In downtown Napa, CA, wayfinding signs are fading and more than two decades old. “They have patched-over fonts, different colors, and incorrect information,” says Economic Development Manager Neal Harrison. “A good example of that is the visitor center moved from Main Street to First Street and the signage hasn’t moved with it.”
Napa’s experience with aging wayfinding signs is a common one. For downtown leaders the challenges often go beyond just replacing faded or outdated signs. The very nature of wayfinding has changed in recent years, says Joe Lawniczak of Wisconsin Main Street. He notes a number of shifts that have redefined wayfinding:
First, motorists and pedestrians rarely read maps. Instead, they rely on GPS to tell them where to go. In some ways, the rise of smartphones makes wayfinding more important than ever. “GPS navigation systems send you on the fastest route to a destination, and might skip downtown altogether,” Lawniczak says.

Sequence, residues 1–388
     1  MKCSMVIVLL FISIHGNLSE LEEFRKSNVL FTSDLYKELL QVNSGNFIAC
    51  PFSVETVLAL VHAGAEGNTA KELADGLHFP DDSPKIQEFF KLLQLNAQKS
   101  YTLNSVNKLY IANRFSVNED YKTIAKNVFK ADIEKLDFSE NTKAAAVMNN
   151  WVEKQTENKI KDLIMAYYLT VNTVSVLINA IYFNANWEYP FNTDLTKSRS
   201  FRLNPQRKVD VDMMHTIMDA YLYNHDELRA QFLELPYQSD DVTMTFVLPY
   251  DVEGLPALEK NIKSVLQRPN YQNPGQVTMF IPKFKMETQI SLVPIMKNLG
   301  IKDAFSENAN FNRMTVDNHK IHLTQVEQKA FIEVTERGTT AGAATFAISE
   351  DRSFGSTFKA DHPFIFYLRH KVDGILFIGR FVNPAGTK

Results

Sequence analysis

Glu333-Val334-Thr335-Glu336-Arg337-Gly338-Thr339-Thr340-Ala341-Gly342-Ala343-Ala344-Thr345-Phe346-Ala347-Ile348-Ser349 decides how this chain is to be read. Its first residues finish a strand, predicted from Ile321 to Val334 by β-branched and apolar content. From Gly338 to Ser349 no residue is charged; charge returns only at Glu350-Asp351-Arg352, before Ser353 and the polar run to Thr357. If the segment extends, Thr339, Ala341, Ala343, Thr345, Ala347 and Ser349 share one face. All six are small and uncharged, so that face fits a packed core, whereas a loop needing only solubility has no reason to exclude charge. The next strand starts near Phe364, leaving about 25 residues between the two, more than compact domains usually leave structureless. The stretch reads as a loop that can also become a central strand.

Second, wayfinding signs were designed for visitors’ traditional arrival method of driving to, and parking near, their final destinations. But now, amid shifts in both how people get around and where they live, visitors are traveling to downtowns by foot, by bike, and by Uber and Lyft.
The basic function of wayfinding signs hasn’t changed, Lawniczak says. Signs still help define a downtown district and let people know they’ve arrived someplace special.
More on the updating wayfinding systems plus articles on turning a white elephant into a downtown anchor, and re-shaping shopping with Downtown Dollars appear in the May issue of Downtown Idea Exchange. Click to learn more about Downtown Idea Exchange and other resources for revitalizing downtowns and commercial corridors.